NIPPONIA No. 43 December 15, 2007


Special Featuresp_star.gifTravel Japan by Train

Japan’s Railway Technology:
A Mix of Old and New

Japanese railways use a wide range of technologies, some developed in the age of steam, some futuristic. Which ones are used depends on the requirements of the specific situation. These two pages present four intriguing technologies: older techniques for safe rail travel in a land of steep mountains, and innovative railcars developed with the environment or cost-savings in mind.

Written by Takahashi Koki   Photos by Hirota Izumi, Kawada Masahiro
Other photo credits: JR Hokkaido, Hakone Tozan Railway

The hybrid train Koumi reduces emissions along the track. It runs on the Koumi Line in Nagano and Yamanashi prefectures, and climbs to the highest elevation of any track in JR’s extensive network.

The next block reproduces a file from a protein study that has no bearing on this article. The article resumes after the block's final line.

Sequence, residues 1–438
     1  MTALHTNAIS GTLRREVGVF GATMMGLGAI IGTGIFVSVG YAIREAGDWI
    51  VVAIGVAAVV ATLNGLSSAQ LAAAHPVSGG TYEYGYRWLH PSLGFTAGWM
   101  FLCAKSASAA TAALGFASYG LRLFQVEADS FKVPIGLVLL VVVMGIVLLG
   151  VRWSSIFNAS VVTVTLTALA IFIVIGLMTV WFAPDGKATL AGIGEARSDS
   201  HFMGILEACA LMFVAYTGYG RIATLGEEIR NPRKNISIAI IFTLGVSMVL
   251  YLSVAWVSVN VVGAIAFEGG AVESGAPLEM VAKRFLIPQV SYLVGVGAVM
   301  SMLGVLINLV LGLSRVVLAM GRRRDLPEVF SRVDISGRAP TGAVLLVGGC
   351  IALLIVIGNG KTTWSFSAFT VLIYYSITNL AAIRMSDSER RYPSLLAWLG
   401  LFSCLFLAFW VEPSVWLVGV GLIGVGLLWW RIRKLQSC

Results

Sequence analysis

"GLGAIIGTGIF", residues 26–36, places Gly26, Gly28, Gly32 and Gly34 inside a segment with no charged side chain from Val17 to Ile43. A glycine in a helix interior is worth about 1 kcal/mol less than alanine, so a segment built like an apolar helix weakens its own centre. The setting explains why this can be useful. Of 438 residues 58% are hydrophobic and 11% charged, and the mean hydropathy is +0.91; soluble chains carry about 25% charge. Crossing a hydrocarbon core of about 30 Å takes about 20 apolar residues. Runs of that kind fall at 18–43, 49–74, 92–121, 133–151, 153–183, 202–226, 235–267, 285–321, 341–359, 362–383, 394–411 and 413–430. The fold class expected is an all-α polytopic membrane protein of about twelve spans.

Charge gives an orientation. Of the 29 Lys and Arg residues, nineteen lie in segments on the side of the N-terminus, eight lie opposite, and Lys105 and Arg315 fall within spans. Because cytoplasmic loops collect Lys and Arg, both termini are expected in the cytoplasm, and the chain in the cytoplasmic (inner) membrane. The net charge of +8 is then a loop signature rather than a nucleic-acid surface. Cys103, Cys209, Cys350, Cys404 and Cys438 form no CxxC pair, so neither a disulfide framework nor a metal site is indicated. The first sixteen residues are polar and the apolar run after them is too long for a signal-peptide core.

Quiet, eco-friendly hybrid

Koumi is the world’s first hybrid train to carry passengers on regular runs. JR East began operating it in July 2007 on the Koumi Line in the highlands of Nagano Prefecture. Its diesel engine generates electricity, which charges the batteries, which power the motor. The engine is quiet and the train is easy to control and maintain, but best of all it uses less energy. When the brakes are applied the engine stops working, and the braking energy is converted into electricity to give the batteries an extra charge. Compared to a conventional train with the same configuration, the energy savings are theoretically 20%, in practice 10%. The hybrid also emits far fewer noxious pollutants. JR East plans to take eco-friendly rail transport a step further, by developing a vehicle powered by fuel cells using hydrogen, which emit no pollution at all when used.